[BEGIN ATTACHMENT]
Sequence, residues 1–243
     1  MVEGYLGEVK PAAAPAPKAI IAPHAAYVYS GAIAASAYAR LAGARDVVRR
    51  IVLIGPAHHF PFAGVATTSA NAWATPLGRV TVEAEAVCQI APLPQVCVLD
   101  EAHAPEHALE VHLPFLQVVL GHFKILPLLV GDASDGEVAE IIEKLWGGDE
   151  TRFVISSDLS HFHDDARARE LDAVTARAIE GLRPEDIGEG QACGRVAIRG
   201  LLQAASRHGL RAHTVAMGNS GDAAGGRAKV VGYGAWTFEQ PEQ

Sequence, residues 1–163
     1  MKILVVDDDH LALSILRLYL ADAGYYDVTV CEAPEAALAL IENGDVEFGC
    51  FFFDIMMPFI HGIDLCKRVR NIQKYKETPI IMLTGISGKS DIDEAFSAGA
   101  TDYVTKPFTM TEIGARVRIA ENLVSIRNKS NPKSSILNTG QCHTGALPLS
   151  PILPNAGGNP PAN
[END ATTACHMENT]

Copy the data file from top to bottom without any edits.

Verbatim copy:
Sequence, residues 1–243
     1  MVEGYLGEVK PAAAPAPKAI IAPHAAYVYS GAIAASAYAR LAGARDVVRR
    51  IVLIGPAHHF PFAGVATTSA NAWATPLGRV TVEAEAVCQI APLPQVCVLD
   101  EAHAPEHALE VHLPFLQVVL GHFKILPLLV GDASDGEVAE IIEKLWGGDE
   151  TRFVISSDLS HFHDDARARE LDAVTARAIE GLRPEDIGEG QACGRVAIRG
   201  LLQAASRHGL RAHTVAMGNS GDAAGGRAKV VGYGAWTFEQ PEQ

Sequence, residues 1–163
     1  MKILVVDDDH LALSILRLYL ADAGYYDVTV CEAPEAALAL IENGDVEFGC
    51  FFFDIMMPFI HGIDLCKRVR NIQKYKETPI IMLTGISGKS DIDEAFSAGA
   101  TDYVTKPFTM TEIGARVRIA ENLVSIRNKS NPKSSILNTG QCHTGALPLS
   151  PILPNAGGNP PAN